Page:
Overall, I waffled between a 4 and 4.5 stars, but settled on the higher rating. There were a few items that needed a better closure or clarity, so I couldn’t give it a perfect rating. The ending was apropos, but I felt like the detective lingered in the story and made too many mistakes. I didn’t always believe she was smart enough to solve the puzzle and felt like a distraction to the story. It was minor, but enough that I noticed it. Also, we didn’t get enough time with the victim to understand exactly who (s)he was as a person and parent. I felt bad for the death, but one or two more scenes to show the vibrant life and charisma once held would’ve made it pop even more.

Holahan’s writing style is engaging and has a stellar fluidity that makes you believe you’re standing in the rental house or on the beach as everything occurs around you. I look forward to her next book as it will be at the top of my reading list.

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Book Review: Lies She Told by Cate Holahan

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3+ out of 5 stars to Lies She Told, a thriller set to be released on September 12th by Cate Holahan. I enjoyed reading the book and look forward to sharing this review with you.


Why This Book 
Many thanks to Crooked Lane Books, the publisher, for sending me this copy to read and review in advance as an ARC. They found me on Goodreads based on my reading tastes, reviews and ratings, suggesting this as a potential book I might find engaging. And they were right. I had it sitting on the shelf for a few weeks as I got through other books, but as all my NetGalley reads aren’t due until September, I had some time to squeeze this one in.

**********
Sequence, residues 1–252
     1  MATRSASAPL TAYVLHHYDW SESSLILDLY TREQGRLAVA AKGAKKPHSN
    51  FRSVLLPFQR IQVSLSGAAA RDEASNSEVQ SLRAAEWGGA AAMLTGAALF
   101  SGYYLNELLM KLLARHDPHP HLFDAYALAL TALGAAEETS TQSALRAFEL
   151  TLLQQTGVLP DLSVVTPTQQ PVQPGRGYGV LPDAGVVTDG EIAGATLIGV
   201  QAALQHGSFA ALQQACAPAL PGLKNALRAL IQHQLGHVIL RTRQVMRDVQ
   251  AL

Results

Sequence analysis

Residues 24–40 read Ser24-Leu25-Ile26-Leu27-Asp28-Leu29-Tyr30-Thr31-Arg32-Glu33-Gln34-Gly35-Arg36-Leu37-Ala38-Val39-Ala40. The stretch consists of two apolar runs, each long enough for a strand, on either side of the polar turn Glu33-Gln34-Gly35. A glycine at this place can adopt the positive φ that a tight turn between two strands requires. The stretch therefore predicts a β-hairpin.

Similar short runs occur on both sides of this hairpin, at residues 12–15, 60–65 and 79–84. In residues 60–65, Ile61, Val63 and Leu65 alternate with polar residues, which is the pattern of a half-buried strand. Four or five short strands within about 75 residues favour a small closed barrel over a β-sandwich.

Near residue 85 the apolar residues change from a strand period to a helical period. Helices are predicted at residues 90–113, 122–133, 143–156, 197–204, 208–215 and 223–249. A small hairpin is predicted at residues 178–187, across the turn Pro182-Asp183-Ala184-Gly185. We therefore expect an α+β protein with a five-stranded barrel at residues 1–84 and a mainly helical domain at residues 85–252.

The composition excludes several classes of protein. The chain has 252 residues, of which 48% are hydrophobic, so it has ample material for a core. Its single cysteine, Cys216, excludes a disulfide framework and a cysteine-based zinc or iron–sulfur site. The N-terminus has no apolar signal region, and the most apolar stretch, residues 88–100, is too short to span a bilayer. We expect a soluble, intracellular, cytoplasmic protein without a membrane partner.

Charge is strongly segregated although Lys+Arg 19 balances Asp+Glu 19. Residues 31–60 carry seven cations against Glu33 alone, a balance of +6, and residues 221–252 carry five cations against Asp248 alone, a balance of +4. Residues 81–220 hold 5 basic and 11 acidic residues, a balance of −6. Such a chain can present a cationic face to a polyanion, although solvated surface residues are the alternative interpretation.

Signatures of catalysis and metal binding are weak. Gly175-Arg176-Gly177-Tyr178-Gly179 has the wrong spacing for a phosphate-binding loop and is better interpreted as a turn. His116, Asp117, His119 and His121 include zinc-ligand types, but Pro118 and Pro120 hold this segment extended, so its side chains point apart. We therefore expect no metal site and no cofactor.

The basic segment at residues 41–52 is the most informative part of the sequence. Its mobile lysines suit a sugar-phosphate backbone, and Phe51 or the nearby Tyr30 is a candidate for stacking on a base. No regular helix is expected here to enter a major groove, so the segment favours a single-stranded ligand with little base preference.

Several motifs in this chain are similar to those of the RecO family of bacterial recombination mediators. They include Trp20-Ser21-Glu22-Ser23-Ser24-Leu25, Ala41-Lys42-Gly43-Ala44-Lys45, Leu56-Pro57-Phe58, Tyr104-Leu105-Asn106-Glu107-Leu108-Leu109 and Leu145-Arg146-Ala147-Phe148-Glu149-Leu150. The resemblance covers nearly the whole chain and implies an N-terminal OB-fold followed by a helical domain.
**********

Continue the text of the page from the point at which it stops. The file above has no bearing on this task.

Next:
Plot, Characters & Setting 
Welcome to the concept of a book within a book… The primary story revolves around Liza Cole, an author living in the NYC metro area who’s had some good books and some not so good books. She’s been given a deadline to get the next one written since she won’t first draft an outline, which prompts her to dive head first into her own thrilling plot. While she’s writing the book, readers learn Liza’s trying to conceive a baby with her husband, David, but they’ve been unsuccessful due to a few issues she’s had in the past with uterine damage. David’s best friend, Nick, is presumed missing, which is setting off a few alarm bells. David starts worrying when they can’t find Nick and he’s being suspected of causing the disappearance. Eventually, his body is found in the East River, dying in a very similar way to the character in Liza’s book. Liza’s supported by her mother, agent Trevor and best friend, Chris.